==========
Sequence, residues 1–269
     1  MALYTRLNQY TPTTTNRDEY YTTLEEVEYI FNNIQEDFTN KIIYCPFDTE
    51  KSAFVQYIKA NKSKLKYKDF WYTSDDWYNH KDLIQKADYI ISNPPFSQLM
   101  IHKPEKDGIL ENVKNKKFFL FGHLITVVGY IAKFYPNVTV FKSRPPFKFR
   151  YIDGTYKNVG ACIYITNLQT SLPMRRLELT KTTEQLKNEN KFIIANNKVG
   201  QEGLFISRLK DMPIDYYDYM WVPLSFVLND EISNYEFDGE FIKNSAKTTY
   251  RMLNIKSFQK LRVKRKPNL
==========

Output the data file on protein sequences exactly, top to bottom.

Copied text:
Sequence, residues 1–269
     1  MALYTRLNQY TPTTTNRDEY YTTLEEVEYI FNNIQEDFTN KIIYCPFDTE
    51  KSAFVQYIKA NKSKLKYKDF WYTSDDWYNH KDLIQKADYI ISNPPFSQLM
   101  IHKPEKDGIL ENVKNKKFFL FGHLITVVGY IAKFYPNVTV FKSRPPFKFR
   151  YIDGTYKNVG ACIYITNLQT SLPMRRLELT KTTEQLKNEN KFIIANNKVG
   201  QEGLFISRLK DMPIDYYDYM WVPLSFVLND EISNYEFDGE FIKNSAKTTY
   251  RMLNIKSFQK LRVKRKPNL